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Telltale's New Self-Titled LP Balances Introspection With Experimentation

Kayla Moreno May 17, 2024

Recently, Rock Insider Press had the chance to sit down with John Carteret from Telltale to discuss their forthcoming record. A perk of the gig is getting to hear albums before anyone else. I'm a huge fan of not only the vow of secrecy I take when I listen to a new drop before anyone else but, also how new-to-me artists make their way into my regular rotation. Telltale, and their self-titled LP, are certainly examples of this; any preconceived notions I may have had of the band based on social media presence or word-of-mouth were rendered useless, in the best way possible. You must listen to the record for yourself to get the full picture.

Telltale's writing style provides an introspective exploration of the self, guided by dreamy melodies and a beat that would be contagious to even the most stubborn wallflower. Nobody can escape a catchy hook; it doesn't matter the genre, any band that can write a hook as good as the one in "kissinginacarcrash" is going to hold up against the brutal test of time. Sure, Telltale writes classic pop-punk, but their spin on it refrains (pun intended?) from the group feeling stale among peers and audiences. Against all odds, a song like "kissinginacarcrash" is what most bands hope that they can write one day. The "a-ha" moment that takes an artist beyond hole-in-the-wall venues.

Plus, Telltale's immaculate attention to detail is a standout. The follow up track to "kissinginacarcrash" is aptly called "EDDY," an immediate callback to their namesake, Edgar Allen Poe. The entire record is full of literary references, Easter eggs for those in the know to unpack. And if it's one thing us English majors love to do – it is analyze literary references. Again, the hook in this song is phenomenal; the band shouts themselves out, while breaking the fourth wall and calling out their full namesake, Poe's famous Telltale Heart. Attention to detail is another element that allows a band's career to span across decades. The breakdown in this song is crazy, truthfully.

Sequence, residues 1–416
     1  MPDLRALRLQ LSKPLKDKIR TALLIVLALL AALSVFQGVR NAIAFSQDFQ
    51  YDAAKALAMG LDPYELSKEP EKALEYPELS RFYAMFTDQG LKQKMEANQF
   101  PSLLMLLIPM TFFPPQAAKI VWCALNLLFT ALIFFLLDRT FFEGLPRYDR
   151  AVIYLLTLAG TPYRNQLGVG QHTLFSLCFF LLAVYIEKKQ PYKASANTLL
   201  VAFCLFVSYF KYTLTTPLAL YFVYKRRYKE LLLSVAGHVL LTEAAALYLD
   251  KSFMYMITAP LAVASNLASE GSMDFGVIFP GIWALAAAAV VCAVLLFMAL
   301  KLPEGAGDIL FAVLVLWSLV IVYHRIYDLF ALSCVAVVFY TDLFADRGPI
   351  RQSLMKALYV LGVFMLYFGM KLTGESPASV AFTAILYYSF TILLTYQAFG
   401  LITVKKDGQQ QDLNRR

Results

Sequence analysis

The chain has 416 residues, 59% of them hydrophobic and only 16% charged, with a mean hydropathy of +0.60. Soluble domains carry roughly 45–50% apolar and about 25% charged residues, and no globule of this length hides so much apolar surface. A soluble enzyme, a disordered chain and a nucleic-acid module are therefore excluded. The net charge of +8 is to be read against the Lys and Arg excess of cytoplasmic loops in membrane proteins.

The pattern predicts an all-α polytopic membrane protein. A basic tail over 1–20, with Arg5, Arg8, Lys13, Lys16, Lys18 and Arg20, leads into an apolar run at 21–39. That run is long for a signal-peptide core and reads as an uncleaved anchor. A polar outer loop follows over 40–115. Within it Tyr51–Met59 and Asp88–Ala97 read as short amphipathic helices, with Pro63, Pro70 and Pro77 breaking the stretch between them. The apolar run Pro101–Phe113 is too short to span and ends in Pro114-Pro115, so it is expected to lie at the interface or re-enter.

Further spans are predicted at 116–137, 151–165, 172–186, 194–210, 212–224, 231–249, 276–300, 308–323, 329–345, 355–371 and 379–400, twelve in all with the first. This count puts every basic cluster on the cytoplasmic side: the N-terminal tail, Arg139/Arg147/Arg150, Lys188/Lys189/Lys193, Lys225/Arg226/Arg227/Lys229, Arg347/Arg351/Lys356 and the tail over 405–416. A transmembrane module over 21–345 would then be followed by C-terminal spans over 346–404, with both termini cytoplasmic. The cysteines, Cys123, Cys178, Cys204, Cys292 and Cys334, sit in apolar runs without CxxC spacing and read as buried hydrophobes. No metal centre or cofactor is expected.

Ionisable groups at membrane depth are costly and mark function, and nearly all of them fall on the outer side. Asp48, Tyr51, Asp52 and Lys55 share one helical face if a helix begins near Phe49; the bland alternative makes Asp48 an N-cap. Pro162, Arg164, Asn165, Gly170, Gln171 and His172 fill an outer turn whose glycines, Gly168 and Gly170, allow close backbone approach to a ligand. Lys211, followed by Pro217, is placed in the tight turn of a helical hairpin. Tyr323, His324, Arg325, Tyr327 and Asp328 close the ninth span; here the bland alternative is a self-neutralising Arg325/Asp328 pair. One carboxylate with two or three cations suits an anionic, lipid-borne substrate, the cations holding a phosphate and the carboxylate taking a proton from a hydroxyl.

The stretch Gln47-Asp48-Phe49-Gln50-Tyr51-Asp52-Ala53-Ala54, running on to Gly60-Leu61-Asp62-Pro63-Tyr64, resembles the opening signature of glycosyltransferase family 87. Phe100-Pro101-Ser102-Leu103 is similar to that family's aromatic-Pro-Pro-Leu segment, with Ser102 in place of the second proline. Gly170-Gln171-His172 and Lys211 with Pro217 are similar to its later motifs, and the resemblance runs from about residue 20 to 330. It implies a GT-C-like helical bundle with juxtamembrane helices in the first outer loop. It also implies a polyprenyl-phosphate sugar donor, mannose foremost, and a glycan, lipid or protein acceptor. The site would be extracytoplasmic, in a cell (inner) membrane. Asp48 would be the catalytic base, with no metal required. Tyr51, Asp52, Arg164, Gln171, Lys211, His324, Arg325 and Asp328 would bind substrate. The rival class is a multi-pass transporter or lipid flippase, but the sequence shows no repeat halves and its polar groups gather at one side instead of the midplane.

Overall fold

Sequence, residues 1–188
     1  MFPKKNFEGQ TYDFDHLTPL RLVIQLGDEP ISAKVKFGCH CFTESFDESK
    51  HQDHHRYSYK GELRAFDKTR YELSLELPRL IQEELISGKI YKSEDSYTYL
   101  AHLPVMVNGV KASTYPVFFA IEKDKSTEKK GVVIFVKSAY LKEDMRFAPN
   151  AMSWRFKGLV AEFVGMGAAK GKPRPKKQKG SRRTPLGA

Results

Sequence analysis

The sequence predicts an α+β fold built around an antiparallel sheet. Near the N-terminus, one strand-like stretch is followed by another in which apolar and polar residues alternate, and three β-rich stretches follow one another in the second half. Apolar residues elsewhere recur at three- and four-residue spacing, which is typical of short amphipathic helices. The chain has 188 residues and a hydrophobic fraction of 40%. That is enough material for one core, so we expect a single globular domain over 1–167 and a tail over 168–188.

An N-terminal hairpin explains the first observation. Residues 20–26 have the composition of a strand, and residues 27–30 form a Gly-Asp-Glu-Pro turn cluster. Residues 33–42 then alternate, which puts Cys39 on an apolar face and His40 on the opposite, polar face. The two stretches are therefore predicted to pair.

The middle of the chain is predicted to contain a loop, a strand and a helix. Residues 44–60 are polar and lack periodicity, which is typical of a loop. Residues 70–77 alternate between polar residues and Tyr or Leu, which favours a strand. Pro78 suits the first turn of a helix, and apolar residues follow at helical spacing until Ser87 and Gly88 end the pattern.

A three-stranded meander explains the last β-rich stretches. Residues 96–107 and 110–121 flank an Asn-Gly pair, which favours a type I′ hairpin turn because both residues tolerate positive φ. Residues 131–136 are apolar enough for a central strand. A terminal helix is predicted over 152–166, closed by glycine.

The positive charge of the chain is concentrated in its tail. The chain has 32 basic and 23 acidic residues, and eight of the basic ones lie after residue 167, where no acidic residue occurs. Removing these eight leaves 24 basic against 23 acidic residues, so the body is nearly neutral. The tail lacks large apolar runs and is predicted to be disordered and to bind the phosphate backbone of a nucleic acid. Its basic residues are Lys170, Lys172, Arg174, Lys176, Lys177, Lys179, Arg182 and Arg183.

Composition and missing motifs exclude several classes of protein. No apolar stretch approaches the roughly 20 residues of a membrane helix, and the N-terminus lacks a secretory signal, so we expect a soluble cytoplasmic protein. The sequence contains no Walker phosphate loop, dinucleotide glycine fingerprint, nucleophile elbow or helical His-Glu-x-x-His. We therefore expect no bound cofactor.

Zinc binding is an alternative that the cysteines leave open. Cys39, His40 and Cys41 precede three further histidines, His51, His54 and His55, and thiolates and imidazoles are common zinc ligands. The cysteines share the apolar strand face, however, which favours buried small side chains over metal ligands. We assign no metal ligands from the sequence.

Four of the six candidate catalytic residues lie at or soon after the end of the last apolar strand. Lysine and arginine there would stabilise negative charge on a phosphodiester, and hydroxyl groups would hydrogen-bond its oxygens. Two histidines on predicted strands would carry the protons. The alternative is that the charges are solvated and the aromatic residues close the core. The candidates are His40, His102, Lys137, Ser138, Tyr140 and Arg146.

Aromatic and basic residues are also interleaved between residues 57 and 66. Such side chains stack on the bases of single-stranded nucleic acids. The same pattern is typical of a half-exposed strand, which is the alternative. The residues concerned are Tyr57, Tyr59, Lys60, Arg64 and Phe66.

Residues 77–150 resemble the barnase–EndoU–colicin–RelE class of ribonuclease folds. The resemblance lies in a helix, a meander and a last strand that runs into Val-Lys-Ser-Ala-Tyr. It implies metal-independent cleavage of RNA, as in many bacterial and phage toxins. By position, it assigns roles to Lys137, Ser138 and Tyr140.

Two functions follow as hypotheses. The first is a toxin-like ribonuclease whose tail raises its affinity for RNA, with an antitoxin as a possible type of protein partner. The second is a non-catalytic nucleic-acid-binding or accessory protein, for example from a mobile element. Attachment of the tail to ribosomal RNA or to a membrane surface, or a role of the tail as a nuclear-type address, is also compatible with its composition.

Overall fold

The record, as a body of work, does many things impeccably, but the band's dedication to cohesion shows through tremendously. There is an even balance of "butt shakers" and earnest, ballad-adjacent tunes. "Gettin' Sober" proclaims, "I don't wanna be a let down anymore" which is anthemic for anyone who has struggled with their mental health.

Telltale is, primarily, a pop-punk band; however, I notice a few metalcore elements throughout the guitar riffs. Their willingness to experiment with genres, especially those who have staunch believers in traditionalism, could create an unstoppable fanbase. Their self-titled record had me hook, line, and sinker (ba-dum-tss) from the first notes to the very last. Ideally, bands will continue to blend all of the things that made them who they are instead of deciding to be a carbon copy of a scene heavy-hitter. As a listener, Telltale is going to stay within my rotations because they sound like Telltale – and not a band I may have loved a decade ago.

Stream the new self-titled LP here, and keep up with Telltale here.